It was only af­ter a year off the race­course that the chaser was able to re­turn to ac­tion and show his stamina when land­ing the 1982 Welsh Na­tional at Chep­stow un­der young rider Ben de Haan, who had risen through the ranks at Pit­man’s yard.

In early 1983, Cor­biere pre­vailed at Don­caster and then ran a mighty race at the Chel­tenham Fes­ti­val be­fore thoughts turned to Ain­tree.

Asked when she thought she would win the race, Pit­man laughs. “Sev­eral weeks be­fore the race,” she says.

She can say it now – she did not dare be so can­did in the build-up to the 1983 Na­tional. Yet both Pit­man and de Haan both say the race could not have gone bet­ter.

Prom­i­nent through­out, horse and rider took up the lead at the 23rd. “I was get­ting a bit wor­ried – I thought I might have made too much use of him,” said de Haan who, at 23, was the youngest jockey in the race.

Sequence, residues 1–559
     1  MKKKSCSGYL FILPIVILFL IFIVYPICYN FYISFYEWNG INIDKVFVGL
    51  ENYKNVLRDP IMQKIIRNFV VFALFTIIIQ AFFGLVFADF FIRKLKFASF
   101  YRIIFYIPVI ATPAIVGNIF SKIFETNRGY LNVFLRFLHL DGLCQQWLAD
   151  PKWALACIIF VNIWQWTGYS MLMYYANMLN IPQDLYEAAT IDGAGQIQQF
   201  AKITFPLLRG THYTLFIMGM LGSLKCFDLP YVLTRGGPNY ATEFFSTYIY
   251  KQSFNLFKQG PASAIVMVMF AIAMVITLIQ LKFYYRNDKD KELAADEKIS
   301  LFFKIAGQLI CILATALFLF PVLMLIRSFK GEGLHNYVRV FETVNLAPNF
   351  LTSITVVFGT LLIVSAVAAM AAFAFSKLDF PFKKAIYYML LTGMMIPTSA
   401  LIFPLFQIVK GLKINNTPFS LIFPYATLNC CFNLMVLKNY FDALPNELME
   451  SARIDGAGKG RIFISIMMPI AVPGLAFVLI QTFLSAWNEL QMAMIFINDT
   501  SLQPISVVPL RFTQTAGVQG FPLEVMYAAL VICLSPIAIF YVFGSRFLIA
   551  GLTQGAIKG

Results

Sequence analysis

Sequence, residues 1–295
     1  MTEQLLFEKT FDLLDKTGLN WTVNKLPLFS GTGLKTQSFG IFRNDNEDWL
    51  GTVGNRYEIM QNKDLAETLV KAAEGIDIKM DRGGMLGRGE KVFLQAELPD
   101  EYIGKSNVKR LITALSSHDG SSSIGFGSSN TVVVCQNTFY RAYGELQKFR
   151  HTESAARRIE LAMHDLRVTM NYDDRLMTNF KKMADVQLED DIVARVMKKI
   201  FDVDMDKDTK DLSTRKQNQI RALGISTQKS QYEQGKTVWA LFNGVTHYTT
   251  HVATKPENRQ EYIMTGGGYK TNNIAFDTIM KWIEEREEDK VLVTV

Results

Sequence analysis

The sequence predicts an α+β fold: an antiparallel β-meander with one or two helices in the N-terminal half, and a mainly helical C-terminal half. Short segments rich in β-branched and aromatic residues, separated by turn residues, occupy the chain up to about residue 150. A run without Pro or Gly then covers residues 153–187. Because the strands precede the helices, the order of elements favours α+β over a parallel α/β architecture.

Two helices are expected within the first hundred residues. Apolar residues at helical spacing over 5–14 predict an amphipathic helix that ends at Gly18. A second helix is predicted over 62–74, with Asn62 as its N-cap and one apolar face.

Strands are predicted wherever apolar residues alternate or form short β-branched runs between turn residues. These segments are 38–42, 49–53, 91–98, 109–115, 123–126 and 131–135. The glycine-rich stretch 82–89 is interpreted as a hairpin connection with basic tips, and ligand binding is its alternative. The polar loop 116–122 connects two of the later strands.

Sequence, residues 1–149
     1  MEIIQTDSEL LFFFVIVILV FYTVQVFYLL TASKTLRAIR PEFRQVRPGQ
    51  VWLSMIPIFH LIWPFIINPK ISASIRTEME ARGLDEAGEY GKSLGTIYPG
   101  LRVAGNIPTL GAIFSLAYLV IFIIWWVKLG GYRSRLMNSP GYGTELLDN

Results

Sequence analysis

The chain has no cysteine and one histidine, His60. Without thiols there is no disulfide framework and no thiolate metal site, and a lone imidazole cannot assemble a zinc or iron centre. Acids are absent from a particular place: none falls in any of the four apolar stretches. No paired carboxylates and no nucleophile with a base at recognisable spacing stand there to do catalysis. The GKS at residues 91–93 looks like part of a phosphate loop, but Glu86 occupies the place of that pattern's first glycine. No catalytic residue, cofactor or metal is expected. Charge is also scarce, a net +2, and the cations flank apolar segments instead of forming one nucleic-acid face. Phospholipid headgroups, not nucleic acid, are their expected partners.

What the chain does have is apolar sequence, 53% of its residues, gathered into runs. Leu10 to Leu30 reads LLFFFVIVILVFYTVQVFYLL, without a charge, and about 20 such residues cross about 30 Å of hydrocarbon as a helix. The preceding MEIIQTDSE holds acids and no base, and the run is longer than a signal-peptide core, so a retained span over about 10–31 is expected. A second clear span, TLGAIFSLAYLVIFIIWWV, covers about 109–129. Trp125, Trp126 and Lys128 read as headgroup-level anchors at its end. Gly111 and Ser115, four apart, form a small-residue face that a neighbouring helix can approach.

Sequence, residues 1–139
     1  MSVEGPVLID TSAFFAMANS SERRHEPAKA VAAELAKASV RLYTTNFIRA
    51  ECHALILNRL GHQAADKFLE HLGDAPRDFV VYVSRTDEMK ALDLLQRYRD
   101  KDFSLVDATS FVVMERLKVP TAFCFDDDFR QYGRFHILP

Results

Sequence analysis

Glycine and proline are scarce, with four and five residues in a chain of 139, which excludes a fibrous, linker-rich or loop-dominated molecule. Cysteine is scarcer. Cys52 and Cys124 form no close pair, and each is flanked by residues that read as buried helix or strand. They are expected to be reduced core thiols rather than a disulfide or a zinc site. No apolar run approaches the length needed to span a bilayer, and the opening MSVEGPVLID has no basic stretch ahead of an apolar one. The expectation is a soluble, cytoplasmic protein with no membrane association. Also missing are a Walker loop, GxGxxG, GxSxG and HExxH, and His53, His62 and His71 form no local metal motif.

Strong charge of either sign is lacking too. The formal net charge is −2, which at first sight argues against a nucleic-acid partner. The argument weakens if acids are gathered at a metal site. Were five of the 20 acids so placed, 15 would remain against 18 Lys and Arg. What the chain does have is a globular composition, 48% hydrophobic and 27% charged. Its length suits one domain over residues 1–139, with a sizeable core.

“He wasn’t the quick­est horse in the world, but he had a lot of class. I knew there was an­other horse (Grease­paint) clos­ing on the run-in, but I wasn’t wor­ried – Corky picked up in the last cou­ple of strides.”

By now, Pit­man was in bits. She had al­ready told her brother to “shut up” af­ter he grabbed her arm and said: “He’s go­ing to win, Jen.” And that was be­fore the heart-stop­ping run-in when mem­o­ries of Crisp’s de­feat a decade ear­lier came flood­ing back.

“By the time they came to the last, my sis­ter had tears run­ning down her face,” said the vic­to­ri­ous trainer. “The way Grease­paint trav­elled, from the last to the win­ning line, I could just see the Crisp sce­nario hap­pen­ing all over again.

“As Grease­paint started to close, he got to Cor­biere’s girths and he surged away. Ta ra.”

Only when she was re­u­nited with her part­ner David Stait, now Pit­man’s hus­band, did the mag­ni­tude of the achieve­ment hit home. “He said to me: ‘Bloody hell, Mis­sus, you’ve done it’. ‘I think I said: ‘Bloody hell, I have, too’.”